Allie Danziger, CEO & Co-Founder of Ampersand Professionals, brings her unique entrepreneurial experience to the pod to talk about shortening the skills gap between education and employment. As someone who benefitted from early opportunities at internships and founded her first business at 24, Allie is passionate about helping students transform into thriving professionals. Talking points include Integrate Agency, Ampersand Professionals, and the new generation of professionals entering the workforce.
[00:00] Podcast begins - Transforming Students into Young Professionals at Ampersand
[05:44] Starting a marketing business at only 24
[15:40] Noticing a skill gap in new employees
[19:19] Creating better internship programs & developing talent
[23:12] Understanding the generational divide at work
[28:13] Selling Ampersand to Ascent Funding
You left your original business, Integrate Agency, to start another one. Why?
After founding her original business, Allie was fortunate enough to sell and retain ownership, continuing to be involved in Integrate Agency until her passion for mentorship called her down a different path. That path, it turned out, was talent development. At Integrate, Allie had seen employees coming in that had no experience in the workforce and no soft skills for office success. Someone needed to step up for these young professionals, and Ampersand was born.
“I would sit down with my husband over a glass of wine and ask, ‘Why is there no book that I can send these kids to? Why is there no podcast? Why is there no course that would help take these kids where they need to go and give them the resources they need?’”
Who should be responsible for talent development for young professionals?
Behind the creation of Ampersand is a horror story of shirked responsibility. Allie explains that no one is stepping up to develop new talent in the young professionals graduating college today. Due to COVID shortages, limited funding, and remote working, workplaces aren’t training their employees and colleges aren’t preparing kids for the workforce. Instead, young professionals are left on their own, untrained and disillusioned by their working experiences.
“There's this misalignment, and Ampersand has been filling that gap with our training. We teach things like how to send a calendar invite, what to talk to your manager about on the first day of work…and also, the why. Why do you need to show up to work in certain ways?”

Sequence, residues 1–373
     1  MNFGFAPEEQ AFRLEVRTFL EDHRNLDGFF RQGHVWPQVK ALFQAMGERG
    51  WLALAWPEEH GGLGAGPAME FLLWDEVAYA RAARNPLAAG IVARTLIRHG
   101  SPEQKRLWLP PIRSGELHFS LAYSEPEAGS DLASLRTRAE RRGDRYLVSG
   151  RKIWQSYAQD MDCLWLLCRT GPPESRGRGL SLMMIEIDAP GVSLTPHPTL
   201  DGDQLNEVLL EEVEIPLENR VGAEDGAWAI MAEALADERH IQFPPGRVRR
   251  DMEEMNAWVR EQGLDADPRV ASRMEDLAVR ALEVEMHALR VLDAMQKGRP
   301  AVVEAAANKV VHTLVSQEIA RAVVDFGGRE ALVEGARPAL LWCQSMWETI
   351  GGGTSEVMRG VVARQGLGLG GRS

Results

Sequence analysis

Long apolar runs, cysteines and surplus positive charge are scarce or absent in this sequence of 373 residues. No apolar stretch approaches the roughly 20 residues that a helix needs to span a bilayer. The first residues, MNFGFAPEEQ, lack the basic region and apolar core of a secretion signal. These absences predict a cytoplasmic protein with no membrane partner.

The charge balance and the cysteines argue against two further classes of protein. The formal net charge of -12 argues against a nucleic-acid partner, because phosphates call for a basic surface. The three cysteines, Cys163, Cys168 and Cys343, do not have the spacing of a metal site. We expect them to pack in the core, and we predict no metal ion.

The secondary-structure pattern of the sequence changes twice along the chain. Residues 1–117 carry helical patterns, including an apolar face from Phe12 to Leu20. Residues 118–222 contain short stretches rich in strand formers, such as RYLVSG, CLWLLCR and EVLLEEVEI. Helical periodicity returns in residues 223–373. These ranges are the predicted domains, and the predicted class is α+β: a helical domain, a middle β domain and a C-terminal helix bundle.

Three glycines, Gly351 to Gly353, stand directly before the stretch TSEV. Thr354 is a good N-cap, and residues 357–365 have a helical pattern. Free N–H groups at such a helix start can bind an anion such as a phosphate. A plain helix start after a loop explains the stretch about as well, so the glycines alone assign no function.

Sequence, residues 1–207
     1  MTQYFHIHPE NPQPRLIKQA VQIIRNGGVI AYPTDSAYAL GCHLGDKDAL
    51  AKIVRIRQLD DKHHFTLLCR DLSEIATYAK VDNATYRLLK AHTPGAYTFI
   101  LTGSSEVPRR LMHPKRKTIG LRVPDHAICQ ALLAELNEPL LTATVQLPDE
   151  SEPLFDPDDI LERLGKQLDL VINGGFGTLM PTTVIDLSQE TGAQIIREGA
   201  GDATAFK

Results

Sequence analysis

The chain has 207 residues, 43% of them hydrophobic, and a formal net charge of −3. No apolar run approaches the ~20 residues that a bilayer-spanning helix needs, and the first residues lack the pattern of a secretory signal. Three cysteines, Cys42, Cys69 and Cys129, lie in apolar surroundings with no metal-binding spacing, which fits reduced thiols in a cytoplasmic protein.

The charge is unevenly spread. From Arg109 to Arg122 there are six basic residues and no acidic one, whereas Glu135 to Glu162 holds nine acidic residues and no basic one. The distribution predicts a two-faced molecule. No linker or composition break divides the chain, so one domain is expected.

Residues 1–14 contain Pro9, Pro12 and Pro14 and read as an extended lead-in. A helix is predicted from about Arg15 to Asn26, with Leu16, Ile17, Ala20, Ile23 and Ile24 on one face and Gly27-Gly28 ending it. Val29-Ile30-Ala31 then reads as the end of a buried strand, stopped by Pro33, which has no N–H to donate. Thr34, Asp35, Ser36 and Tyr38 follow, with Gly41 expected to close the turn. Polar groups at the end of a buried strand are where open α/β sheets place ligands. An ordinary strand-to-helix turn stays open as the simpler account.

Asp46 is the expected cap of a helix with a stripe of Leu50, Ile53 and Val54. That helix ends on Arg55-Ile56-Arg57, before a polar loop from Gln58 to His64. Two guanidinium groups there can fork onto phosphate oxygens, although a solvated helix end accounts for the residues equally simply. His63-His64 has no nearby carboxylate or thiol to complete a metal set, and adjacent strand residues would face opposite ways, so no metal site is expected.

Why are there less internships now?
Not only are there less internship opportunities due to the recession woes of the current economy, Allie also sees a disconnect between what internships are asking for and what the new generation of workers want. Companies that are offering mentorships aren’t offering learning opportunities that young professionals are looking for. Workers don’t want to be faceless assistants, they want to understand their impact.
“Going to go make copies for a company just isn't as enticing because they don't necessarily want that job…they want more autonomy in their careers, and they want to know the impact that they're making.”
How does this new generation of workers differ from millennial employees?
As a member of the millennial generation, Allie remembers entering the workplace and immediately having to fight hard to earn her keep. With layoffs impacting her generation early, millennials developed a different attachment to their workplace than the new generation, Gen Z. In contrast, Gen Z was raised through a tumultuous economy and values making a positive impact on a company and on their own lives, inspiring an entrepreneurial spirit and a lack of interest in certain office positions.
“Gen Z comes in and they're like, ‘No, I don't want to be in the office,’ because when they were young, their parents were getting laid off. Throughout their childhood, there was 9/11, it was a recession, everything with COVID…all the movement of everything is their reality.”